MedMen co-founders Adam Bierman and Andrew Modlin departed the beleaguered company's board of directors.
The company also announced the settlement of lawsuits alleging they ran the company "like a 'Wolf of Wall Street'-inspired personal slush fund." (MedMen didn't acknowledged wrongdoing.)
In a harsh piece for Forbes, longtime cannabis journo Chris Roberts writes:
"All that’s left is the fight over the scraps, MedMen’s desiccated and then charred hulk—and identifying both the villain and the moral of this cautionary tale.
"The analysis is not something most cannabis companies and cannabis investors will want to hear. The hubris that both floated and sank MedMen runs absolutely rampant in legal weed.
"MedMen was the first, the loudest, the brashest and the most ridiculous, but it won’t be the last. There are too many other companies built in its mold."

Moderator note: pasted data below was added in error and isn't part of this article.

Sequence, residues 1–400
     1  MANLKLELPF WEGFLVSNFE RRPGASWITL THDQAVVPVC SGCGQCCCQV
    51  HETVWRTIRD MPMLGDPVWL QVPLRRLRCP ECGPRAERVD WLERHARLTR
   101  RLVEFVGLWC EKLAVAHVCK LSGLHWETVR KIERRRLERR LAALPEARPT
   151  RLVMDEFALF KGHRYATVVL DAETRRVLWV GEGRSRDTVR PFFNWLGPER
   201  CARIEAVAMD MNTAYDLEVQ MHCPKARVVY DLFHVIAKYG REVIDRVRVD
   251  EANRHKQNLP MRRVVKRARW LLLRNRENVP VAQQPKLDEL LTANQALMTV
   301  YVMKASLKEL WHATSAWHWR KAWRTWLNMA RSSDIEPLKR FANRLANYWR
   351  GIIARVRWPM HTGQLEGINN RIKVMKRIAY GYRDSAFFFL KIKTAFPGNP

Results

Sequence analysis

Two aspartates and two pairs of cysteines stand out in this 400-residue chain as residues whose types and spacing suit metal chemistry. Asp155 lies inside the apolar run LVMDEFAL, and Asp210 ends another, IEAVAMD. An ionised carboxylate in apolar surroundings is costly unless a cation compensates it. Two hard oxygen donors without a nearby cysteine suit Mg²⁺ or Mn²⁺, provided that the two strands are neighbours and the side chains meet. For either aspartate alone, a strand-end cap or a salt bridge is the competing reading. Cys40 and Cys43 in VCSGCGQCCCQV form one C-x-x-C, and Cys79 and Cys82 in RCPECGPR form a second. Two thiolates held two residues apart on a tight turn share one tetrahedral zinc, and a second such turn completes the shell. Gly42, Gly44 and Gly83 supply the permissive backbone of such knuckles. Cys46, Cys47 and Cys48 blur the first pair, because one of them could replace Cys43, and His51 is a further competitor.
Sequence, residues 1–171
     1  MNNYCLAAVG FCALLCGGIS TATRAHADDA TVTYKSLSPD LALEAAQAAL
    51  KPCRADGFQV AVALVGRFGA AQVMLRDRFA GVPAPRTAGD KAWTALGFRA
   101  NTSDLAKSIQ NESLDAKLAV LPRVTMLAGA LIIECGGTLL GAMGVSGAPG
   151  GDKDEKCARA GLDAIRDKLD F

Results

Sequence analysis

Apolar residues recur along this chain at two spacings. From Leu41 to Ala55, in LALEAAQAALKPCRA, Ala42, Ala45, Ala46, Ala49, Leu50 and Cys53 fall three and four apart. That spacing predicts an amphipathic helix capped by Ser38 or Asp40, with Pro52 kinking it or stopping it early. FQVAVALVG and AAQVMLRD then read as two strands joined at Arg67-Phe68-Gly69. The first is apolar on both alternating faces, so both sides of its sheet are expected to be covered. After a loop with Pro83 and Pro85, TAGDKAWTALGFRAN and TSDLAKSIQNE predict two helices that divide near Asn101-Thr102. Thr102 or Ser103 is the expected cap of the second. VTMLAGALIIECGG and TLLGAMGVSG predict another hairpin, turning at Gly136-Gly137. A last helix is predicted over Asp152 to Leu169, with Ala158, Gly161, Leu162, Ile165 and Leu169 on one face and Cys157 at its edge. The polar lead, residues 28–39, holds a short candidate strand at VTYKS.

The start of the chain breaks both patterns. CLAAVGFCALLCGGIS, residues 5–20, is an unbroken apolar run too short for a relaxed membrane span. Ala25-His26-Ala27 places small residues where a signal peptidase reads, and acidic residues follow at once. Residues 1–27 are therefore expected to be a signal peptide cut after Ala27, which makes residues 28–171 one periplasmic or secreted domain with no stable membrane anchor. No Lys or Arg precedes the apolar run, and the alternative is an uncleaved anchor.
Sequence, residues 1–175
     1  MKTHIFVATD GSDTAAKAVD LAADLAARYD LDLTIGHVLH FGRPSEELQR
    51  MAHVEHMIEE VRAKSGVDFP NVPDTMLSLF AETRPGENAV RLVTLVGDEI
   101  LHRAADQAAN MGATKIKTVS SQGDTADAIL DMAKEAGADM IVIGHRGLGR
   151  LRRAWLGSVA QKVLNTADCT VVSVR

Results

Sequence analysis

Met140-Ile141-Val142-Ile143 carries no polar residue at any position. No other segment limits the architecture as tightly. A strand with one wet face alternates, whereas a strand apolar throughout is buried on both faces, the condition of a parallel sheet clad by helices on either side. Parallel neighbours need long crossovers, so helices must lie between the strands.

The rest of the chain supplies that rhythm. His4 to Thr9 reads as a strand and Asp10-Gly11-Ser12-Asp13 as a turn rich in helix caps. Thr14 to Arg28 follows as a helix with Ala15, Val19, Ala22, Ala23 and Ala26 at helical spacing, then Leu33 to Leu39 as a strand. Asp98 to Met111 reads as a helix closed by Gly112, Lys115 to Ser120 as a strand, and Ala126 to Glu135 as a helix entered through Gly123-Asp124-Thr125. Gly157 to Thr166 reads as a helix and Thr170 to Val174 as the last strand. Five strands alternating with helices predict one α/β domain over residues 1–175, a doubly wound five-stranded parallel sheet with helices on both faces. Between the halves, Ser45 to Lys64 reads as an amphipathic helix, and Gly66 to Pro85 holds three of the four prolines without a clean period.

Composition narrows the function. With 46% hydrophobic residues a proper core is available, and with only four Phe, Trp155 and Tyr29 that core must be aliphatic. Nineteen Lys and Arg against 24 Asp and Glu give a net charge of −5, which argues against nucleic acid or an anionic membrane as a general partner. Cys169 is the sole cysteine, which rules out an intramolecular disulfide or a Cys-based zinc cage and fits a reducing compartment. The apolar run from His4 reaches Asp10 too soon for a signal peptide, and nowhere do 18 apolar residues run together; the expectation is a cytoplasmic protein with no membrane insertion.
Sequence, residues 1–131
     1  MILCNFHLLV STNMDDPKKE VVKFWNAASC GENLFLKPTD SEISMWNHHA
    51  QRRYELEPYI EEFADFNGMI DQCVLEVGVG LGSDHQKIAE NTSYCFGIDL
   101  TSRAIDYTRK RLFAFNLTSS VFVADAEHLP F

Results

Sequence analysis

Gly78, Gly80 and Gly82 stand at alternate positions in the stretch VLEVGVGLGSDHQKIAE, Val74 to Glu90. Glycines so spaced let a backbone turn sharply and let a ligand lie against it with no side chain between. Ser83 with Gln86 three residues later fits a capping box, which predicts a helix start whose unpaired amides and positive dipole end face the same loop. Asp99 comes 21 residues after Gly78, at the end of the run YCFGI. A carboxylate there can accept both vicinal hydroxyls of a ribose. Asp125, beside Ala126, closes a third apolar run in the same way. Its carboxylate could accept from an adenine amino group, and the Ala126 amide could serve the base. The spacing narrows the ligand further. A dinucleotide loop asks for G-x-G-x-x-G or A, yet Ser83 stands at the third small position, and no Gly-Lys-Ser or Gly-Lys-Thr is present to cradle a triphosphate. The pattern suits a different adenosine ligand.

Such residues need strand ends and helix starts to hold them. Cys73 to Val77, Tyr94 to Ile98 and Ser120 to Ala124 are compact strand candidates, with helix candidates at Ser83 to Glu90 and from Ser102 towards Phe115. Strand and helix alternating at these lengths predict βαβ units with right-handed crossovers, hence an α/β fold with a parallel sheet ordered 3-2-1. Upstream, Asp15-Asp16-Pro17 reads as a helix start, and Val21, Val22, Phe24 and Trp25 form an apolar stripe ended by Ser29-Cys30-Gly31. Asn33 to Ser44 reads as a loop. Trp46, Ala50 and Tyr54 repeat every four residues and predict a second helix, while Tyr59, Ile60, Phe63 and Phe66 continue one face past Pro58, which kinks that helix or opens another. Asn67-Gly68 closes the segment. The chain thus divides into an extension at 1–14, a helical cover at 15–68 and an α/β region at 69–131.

Plus, Virginia denied MedMen's request to open a MED shop.
Separately, MSO Acreage Holdings is dealing with some tricky situations of its own:
- An unidentified institutional investor issued the company a $15M short term loan at a 60% annual interest rate.
- Acreage put up collateral of its facilities in three states as well as its IP "among other items." If the company defaults it'll be on the hook for another $6M.
- Ex-Massachusetts Governor and former Acreage board member Bill Weld (R) is suing the company. He alleges it improperly downgraded his stock holdings from 625,000 shares to just over 360,000. Acreage declined to comment to Bloomberg.
- Acreage's sister company Wellness Connection of Maine is suing the city of Portland alleging its residency preference for licensees violates the U.S. Constitution.
- A report recently noted Acreage CEO Kevin Murphy is the third highest paid cannabis CEO, with annual pay exceeding $10M.
The Growth Op
- Here's WeedWeek's interview with Murphy from a year ago.